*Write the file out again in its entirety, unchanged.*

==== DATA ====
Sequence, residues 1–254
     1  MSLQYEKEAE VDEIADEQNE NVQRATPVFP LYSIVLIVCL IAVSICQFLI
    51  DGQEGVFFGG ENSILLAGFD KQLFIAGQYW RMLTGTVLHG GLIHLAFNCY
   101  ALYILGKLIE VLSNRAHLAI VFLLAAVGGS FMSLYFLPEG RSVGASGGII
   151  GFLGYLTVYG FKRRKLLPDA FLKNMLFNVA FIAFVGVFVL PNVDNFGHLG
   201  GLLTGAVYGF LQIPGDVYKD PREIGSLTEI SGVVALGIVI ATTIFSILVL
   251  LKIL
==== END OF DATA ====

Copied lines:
Sequence, residues 1–254
     1  MSLQYEKEAE VDEIADEQNE NVQRATPVFP LYSIVLIVCL IAVSICQFLI
    51  DGQEGVFFGG ENSILLAGFD KQLFIAGQYW RMLTGTVLHG GLIHLAFNCY
   101  ALYILGKLIE VLSNRAHLAI VFLLAAVGGS FMSLYFLPEG RSVGASGGII
   151  GFLGYLTVYG FKRRKLLPDA FLKNMLFNVA FIAFVGVFVL PNVDNFGHLG
   201  GLLTGAVYGF LQIPGDVYKD PREIGSLTEI SGVVALGIVI ATTIFSILVL
   251  LKIL